A UK based researcher has criticized a situational report on Eritrea commissioned by Denmark’s Immigration Service as “flimsy and harmful” because the report portrayed Eritrea’s rights environment as ‘stable’.

Eritrean Refugees In Israel

Gaim Kibreab, a researcher professor and Course Director of the Refugee Studies at London South Bank University in the UK contributed to the Danish Immigration Service’s report, but has faulted the report’s authors for ignoring his concerns despite his attempts to make corrections before the report was concluded.

“I feel betrayed and demand my name be taken off the report. They have basically ignored a lot of facts and hand-picked a few that fit the conclusion." Kibreab told Politiken.

Until recently, Denmark like many other European countries had favorable immigration policies towards Eritrean refugees due to serious human rights violations perpetrated by the authoritarian Eritrean regime under President Isias Afwerke.

But analysts believe that spikes in recent asylum applications from Eritrean refugees was behind Denmark’s decision to halt asylum applications this summer pending a report by the Danish Immigration Service. Denmark averaged around 10 Eritrean refugees per month in the first quarter of 2014 but, in July, the monthly average rose to 514.

Last week the Danish Immigration Service announced much tougher immigration processes for Eritrean refugees citing a more stable rights environment and based on the controversial report faulted by observers including an Amnesty International (AI).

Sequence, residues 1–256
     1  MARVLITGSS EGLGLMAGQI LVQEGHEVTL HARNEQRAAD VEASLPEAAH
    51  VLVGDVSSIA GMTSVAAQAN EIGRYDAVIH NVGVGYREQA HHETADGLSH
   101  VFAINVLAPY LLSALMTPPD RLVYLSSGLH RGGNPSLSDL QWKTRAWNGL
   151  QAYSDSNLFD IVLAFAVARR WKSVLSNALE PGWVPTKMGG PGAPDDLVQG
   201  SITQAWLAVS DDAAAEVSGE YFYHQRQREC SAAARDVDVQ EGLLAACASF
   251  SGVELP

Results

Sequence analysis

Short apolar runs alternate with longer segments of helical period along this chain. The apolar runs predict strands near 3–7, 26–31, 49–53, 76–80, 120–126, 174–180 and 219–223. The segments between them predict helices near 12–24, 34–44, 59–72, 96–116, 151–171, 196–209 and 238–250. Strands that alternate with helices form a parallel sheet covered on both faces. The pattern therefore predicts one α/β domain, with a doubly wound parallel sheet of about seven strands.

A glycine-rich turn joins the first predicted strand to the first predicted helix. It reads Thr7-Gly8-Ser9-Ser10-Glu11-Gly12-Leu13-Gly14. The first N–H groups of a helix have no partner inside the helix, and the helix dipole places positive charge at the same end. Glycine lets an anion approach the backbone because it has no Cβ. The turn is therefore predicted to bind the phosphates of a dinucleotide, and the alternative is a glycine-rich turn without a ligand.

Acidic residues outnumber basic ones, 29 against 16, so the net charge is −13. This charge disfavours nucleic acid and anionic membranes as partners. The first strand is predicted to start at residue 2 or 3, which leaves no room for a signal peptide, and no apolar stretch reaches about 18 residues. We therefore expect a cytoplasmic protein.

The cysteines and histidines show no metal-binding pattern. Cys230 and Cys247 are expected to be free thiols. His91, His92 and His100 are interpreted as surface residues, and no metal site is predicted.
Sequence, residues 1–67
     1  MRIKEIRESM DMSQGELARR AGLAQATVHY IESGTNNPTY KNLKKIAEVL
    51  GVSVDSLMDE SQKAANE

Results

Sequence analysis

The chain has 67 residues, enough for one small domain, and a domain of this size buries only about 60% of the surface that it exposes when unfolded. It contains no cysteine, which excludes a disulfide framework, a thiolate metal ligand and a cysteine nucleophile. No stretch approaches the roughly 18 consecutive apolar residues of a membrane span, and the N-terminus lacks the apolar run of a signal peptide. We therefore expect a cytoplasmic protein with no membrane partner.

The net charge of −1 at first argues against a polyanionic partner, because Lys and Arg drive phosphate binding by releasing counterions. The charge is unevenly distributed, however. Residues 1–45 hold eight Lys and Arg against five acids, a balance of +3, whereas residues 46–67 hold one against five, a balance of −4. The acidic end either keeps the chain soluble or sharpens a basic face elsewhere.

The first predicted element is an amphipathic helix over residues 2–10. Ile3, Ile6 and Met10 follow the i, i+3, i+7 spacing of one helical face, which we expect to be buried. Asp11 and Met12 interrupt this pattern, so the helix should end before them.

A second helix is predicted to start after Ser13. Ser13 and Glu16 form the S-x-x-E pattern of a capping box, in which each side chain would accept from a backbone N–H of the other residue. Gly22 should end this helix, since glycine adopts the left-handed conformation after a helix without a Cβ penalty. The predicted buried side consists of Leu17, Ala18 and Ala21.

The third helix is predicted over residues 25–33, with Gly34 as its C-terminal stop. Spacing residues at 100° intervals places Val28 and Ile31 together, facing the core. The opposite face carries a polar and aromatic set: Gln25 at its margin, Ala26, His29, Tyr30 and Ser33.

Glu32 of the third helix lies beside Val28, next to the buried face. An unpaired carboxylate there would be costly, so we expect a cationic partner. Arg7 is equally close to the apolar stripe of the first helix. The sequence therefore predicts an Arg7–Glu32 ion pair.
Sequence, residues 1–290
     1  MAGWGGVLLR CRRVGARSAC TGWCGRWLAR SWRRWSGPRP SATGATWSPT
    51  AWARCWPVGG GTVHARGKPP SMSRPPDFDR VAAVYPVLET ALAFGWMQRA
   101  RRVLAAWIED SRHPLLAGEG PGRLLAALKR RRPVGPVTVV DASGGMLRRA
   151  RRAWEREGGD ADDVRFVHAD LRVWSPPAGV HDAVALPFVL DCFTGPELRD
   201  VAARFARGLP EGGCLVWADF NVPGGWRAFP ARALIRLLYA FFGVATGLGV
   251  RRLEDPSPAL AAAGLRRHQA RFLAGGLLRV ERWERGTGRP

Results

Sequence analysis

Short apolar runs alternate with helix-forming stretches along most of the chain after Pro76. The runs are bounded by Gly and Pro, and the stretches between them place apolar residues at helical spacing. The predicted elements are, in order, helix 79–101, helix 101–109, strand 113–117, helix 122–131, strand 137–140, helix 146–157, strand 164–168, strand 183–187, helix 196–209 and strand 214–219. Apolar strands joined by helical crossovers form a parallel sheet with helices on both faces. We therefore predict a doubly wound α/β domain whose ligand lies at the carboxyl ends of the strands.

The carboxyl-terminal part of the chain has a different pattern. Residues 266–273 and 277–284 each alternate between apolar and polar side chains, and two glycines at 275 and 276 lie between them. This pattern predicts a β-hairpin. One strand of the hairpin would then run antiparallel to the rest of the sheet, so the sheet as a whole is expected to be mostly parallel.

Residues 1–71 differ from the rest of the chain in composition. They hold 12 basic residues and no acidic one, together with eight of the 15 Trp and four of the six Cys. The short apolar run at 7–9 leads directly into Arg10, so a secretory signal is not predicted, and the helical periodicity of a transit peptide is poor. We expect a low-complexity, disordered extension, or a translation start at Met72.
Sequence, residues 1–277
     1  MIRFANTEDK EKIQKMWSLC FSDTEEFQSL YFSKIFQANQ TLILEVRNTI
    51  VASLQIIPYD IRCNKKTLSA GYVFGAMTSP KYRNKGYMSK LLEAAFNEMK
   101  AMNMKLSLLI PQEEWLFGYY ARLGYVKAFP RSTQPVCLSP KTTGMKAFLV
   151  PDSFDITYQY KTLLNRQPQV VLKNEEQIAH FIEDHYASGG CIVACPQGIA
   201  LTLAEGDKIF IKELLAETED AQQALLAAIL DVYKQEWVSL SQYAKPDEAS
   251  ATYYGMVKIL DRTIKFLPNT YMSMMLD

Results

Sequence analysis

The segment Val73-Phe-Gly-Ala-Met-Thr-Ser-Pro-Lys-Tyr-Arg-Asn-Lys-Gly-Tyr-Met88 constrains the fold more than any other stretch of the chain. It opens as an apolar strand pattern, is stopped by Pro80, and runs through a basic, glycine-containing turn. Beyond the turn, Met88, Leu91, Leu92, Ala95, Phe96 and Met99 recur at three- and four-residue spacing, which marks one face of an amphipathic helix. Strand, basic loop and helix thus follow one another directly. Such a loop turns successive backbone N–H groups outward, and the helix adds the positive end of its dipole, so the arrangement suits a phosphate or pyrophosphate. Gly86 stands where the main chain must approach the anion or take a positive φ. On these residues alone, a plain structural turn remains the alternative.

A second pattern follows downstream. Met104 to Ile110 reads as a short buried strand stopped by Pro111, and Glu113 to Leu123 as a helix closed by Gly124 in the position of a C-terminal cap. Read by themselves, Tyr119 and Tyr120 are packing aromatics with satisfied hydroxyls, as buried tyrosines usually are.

“The report seems to be a stunning piece of deliberate politics, concluding one thing but containing the opposite. It concludes that the situation in Eritrea is now stable enough to abandon the automatic asylum right to citizens from Eritrea, but in the Appendix there is substantial evidence to the contrary."-AI spokesman Ole Hoff-Lund told the Anadolu Agency.

Eritrea has been singled out by numerous human rights organizations as having one of the most repressive governments in the world.

The country’s notorious policy of forcibly instituting open-ended and poorly-paid mandatory military conscription has resulted in hundreds of thousands of refugees around the world as young Eritreans risk their lives to escape indefinite military service.

 

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